let's talk farm animals

A change of plans

 by Patricia Grotenhuis, lifelong farmer and agricultural advocate

On the farm, nothing ever works the way you planned.  The quickest way to make a cow calve or something break is to make plans to leave the farm for a few hours.  We’ll have weeks of just staying around home with nothing on the agenda and everything will work perfectly for my husband.  We will start feeling comfortable and think “maybe this time will be different”.  A visit is arranged with an out-of-town family member or friend, or a trip to the city (an hour away) is planned. 

Everything is going great right up until the day of the outing, and suddenly BAM!  There’s a problem in the barn.

Take last September, for example.  The local fall fair was on, the whole weekend had been going well, and we had planned on spending Sunday at the fair watching the demolition derby and volunteering at a food booth.  Every year we go to the derby, and even though we knew there was a cow close to calving, we thought we still might be able to make it.

My husband said he would take care of our son while I worked at a food booth, and he would come into town and join me later for the derby.  It was a perfect plan, in theory.

When Sunday morning arrived, I left for the fair and left our 18 month old with my husband.  Near the end of the shift, the phone call came in.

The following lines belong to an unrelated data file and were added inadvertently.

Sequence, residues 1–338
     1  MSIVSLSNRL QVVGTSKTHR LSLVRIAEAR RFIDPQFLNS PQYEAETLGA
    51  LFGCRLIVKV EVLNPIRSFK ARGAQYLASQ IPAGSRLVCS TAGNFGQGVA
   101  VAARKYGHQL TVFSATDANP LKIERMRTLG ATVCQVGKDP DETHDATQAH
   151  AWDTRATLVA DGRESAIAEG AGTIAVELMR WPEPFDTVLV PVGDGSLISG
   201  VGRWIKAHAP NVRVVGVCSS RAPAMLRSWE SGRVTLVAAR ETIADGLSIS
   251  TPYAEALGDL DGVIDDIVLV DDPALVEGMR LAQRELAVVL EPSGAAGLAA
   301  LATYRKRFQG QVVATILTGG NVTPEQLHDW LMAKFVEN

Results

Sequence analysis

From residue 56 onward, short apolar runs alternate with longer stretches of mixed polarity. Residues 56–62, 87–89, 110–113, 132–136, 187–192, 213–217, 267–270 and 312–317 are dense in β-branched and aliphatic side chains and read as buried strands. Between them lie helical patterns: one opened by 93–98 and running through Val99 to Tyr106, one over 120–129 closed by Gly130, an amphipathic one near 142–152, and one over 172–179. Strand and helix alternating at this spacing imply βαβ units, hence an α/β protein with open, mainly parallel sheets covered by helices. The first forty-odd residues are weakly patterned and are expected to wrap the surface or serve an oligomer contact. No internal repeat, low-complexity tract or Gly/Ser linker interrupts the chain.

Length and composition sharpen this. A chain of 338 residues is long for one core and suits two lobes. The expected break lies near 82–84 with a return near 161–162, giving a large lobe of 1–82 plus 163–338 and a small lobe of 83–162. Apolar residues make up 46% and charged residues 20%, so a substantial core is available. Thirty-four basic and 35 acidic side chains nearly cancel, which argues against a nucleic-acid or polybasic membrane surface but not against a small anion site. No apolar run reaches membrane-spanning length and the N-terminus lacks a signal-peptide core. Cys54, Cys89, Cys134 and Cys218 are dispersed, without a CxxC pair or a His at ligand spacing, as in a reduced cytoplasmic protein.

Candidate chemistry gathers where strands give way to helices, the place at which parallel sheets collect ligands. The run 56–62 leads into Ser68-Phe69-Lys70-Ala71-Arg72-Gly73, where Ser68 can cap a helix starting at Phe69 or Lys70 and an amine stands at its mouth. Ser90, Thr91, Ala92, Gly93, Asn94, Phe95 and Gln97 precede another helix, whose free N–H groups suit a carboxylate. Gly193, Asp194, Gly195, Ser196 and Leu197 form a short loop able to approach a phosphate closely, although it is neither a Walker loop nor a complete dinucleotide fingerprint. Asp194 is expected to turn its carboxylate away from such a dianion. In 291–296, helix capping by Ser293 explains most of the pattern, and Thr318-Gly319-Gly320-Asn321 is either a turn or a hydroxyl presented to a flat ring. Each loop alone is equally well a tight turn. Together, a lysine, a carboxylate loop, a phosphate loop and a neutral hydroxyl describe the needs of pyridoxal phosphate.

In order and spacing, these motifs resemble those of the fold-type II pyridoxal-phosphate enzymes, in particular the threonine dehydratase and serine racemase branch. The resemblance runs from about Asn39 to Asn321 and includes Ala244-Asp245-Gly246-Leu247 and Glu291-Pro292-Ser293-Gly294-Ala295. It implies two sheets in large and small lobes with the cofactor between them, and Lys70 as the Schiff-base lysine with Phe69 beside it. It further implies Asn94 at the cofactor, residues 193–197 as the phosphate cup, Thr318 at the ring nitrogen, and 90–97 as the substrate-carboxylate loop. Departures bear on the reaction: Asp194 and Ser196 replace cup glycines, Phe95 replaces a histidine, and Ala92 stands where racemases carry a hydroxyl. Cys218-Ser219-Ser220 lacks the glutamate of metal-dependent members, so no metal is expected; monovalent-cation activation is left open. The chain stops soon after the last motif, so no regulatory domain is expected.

“Pat, there are two cows close to calving.  I’m at the barn now with one, ready to deliver the calf, and the other one is a few hours off.”

So, I jumped in the car and drove home.  By the time I got there, the calf had been delivered, and my son was in his glory from seeing the birth.  My husband was getting started on the extra care the cow needs directly after calving, including milking her and feeding the rich colostrum to the calf.

Our fun day together at the fair as a family turned into an afternoon in the barn caring for a new calf and the cow. 
We are always given a hard time by friends for not being able to plan ahead, but it is next to impossible with the farm.  By the time you add in two small boys, it is a wonder we leave home at all.  Making and changing plans all of the time does get frustrating, but in the end it is all worth it when we see that new calf doing well, or the sick cow getting better, or the silo filled with good quality feed for the cattle.

Please be patient with us farmers when we cannot commit to something until the last possible day. And yes, we may still may change our plans right up to the last minute.  It is as frustrating for us as it is for you, but we will always put the animals and crops first, no matter what we may miss out on in the process.  It is a choice we made when we decided to farm.


Posted by Farm and Food Care on February 10th, 2012 :: Filed under Animal care,Dairy cattle,Farm life
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